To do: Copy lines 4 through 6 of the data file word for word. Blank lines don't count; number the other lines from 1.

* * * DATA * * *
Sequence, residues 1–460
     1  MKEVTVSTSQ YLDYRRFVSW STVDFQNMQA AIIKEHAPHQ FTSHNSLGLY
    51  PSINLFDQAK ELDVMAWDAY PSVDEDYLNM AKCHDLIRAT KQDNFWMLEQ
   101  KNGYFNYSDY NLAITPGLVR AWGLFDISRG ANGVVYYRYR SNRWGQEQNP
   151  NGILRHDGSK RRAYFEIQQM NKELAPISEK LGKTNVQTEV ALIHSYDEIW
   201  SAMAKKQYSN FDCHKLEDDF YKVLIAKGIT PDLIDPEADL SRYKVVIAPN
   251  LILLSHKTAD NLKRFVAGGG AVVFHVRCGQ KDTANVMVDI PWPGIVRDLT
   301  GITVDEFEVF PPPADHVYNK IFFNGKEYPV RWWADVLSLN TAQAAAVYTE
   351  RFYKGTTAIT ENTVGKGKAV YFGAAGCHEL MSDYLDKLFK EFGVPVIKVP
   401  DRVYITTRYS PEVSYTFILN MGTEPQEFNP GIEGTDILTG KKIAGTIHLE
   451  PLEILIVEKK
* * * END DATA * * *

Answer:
   101  KNGYFNYSDY NLAITPGLVR AWGLFDISRG ANGVVYYRYR SNRWGQEQNP
   151  NGILRHDGSK RRAYFEIQQM NKELAPISEK LGKTNVQTEV ALIHSYDEIW
   201  SAMAKKQYSN FDCHKLEDDF YKVLIAKGIT PDLIDPEADL SRYKVVIAPN